The significant figures of a (measured or calculated) quantity are the meaningful digits in it. There are conventions which you should learn and follow for how to express numbers so as to properly indicate their significant figures.
- Any digit that is not zero is significant. Thus 642 has three significant figures and 6.792 has four significant figures.
- Zeros between non zero digits are significant. Thus 4023 has four significant figures.
- Zeros to the left of the first non zero digit are not significant. Thus 0.000072 has only two significant figures. This is more easily seen if it is written as 7.2 x10-5.
- For numbers with decimal points, zeros to the right of a non zero digit are significant. Thus 6.00 has three significant figures and 0.050 has two significant figures. For this reason it is important to keep the trailing zeros to indicate the actual number of significant figures.
- For numbers without decimal points, trailing zeros may or may not be significant. Thus, 400 indicates only one significant figure. To indicate that the trailing zeros are significant a decimal point must be added. For example, 400. has three significant figures, and has one significant figure.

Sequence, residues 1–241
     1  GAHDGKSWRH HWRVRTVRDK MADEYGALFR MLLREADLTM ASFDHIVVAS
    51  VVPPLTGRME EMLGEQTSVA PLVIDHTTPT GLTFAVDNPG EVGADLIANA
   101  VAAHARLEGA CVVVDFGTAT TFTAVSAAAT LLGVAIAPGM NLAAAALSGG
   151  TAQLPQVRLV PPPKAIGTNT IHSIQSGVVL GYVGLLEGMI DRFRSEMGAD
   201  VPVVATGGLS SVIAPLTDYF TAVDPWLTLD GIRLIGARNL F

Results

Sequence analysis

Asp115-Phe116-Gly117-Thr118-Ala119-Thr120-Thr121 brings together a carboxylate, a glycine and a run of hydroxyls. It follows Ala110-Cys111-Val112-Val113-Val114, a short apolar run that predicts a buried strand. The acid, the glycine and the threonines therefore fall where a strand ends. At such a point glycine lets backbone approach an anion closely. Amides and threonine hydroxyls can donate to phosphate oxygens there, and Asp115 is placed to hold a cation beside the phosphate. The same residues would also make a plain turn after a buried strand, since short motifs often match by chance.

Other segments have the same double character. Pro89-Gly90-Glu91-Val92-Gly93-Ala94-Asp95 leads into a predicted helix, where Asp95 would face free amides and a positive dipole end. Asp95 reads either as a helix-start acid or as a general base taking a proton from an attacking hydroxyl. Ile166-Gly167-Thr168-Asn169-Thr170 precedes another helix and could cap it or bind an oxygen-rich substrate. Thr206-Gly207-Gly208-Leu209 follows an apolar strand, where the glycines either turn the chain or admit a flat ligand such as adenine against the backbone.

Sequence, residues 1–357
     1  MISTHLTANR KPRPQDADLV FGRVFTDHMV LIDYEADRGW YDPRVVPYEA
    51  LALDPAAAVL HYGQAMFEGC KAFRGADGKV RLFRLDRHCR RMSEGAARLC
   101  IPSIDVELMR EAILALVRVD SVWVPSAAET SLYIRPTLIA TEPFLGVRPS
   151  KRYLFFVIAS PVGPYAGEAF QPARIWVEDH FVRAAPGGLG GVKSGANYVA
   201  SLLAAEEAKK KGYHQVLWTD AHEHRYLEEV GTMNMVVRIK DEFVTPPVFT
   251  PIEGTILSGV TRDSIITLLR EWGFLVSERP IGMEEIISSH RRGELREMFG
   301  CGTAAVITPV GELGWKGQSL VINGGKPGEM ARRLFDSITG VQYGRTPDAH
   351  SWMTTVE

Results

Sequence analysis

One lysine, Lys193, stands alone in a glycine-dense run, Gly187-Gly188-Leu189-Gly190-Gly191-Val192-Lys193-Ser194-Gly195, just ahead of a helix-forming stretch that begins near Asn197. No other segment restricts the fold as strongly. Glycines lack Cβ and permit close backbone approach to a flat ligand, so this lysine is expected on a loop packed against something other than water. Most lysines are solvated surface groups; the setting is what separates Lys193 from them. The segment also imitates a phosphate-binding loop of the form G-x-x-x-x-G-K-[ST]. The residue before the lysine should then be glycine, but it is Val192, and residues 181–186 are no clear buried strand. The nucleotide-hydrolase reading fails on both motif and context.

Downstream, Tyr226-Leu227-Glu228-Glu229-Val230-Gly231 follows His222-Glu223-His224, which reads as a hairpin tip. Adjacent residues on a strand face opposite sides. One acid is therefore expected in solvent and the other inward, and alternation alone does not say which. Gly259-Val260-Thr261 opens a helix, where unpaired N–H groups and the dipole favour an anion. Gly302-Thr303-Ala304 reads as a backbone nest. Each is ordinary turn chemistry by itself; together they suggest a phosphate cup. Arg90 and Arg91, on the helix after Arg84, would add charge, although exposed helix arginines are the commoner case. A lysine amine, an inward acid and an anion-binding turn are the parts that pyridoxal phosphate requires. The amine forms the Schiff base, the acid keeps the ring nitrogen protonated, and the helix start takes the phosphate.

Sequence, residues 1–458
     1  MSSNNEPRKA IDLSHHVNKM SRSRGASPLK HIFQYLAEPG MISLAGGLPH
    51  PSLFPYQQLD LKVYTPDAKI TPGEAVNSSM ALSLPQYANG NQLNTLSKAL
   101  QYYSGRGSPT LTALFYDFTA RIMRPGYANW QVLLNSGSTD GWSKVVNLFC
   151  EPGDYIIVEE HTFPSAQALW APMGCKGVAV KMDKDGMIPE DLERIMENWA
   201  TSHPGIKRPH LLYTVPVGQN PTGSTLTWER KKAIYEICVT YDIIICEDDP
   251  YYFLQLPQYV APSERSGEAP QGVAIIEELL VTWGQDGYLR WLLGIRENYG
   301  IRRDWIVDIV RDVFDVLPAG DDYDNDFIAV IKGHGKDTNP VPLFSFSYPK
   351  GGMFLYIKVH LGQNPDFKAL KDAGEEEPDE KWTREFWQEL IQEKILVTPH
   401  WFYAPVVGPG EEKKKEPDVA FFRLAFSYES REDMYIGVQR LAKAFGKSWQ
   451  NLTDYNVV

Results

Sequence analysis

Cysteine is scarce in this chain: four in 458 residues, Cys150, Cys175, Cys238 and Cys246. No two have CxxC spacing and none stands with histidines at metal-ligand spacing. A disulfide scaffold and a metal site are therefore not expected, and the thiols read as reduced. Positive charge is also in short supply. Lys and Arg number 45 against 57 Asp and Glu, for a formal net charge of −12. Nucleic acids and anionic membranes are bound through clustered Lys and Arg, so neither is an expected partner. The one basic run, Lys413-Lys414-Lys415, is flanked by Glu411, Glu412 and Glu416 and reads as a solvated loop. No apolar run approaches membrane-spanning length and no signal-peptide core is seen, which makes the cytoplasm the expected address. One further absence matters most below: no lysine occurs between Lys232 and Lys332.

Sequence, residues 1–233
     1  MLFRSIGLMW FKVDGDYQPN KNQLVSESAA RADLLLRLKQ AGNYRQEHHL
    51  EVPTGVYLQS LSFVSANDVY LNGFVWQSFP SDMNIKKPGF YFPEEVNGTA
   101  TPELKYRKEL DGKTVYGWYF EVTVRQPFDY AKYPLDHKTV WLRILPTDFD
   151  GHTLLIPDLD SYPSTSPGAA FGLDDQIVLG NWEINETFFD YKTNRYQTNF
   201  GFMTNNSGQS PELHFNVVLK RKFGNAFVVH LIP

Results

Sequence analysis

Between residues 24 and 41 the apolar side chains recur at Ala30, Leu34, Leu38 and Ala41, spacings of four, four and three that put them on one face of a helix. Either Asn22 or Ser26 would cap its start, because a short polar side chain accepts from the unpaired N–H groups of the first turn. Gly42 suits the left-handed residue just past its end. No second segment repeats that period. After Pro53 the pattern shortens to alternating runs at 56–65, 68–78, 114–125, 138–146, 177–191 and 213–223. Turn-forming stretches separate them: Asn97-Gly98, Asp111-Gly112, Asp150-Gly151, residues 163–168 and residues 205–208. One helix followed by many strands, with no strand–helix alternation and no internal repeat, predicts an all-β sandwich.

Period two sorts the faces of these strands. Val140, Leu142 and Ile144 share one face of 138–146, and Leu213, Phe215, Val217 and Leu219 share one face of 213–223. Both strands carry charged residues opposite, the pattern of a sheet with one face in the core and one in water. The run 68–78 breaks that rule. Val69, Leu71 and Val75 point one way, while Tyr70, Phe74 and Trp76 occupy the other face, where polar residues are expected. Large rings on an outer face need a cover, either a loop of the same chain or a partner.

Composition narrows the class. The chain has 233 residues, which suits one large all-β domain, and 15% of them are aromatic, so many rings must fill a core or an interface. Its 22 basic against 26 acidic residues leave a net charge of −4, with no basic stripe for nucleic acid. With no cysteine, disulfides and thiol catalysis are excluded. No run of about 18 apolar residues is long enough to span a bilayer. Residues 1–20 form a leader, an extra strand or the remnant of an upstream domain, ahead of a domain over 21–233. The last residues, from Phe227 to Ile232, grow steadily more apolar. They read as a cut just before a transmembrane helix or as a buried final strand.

- Exact numbers have an infinite number of significant digits. For example, if there are two oranges on a table, then the number of oranges is 2.000... . Defined numbers are also like this. For example, the number of centimeters per inch (2.54) has an infinite number of significant digits, as does the speed of light (299792458 m/s).
- There are also specific rules for how to consistently express the uncertainty associated with a number. In general, the last significant figure in any result should be of the same order of magnitude (i.e.. in the same decimal position) as the uncertainty. Also, the uncertainty should be rounded to one or two significant figures. Always work out the uncertainty after finding the number of significant figures for the actual measurement.
9.82 ± 0.02
10.0 ± 1.5
4 ± 1
The following numbers are all incorrect.
9.82 ± 0.02385 is wrong but 9.82 ± 0.02 is fine
10.0 ± 2 is wrong but 10.0 ± 2.0 is fine
4 ± 0.5 is wrong but 4.0 ± 0.5 is fine
In practice, when doing mathematical calculations, it is a good idea to keep one more digit than is significant to reduce rounding errors. But in the end, the answer must be expressed with only the proper number of significant figures. After addition or subtraction, the result is significant only to the place determined by the largest last significant place in the original numbers. For example,
89.332 + 1.1 = 90.432
should be rounded to get 90.4 (the tenths place is the last significant place in 1.1). After multiplication or division, the number of significant figures in the result is determined by the original number with the smallest number of significant figures. For example,
(2.80) (4.5039) = 12.61092
should be rounded off to 12.6 (three significant figures like 2.80).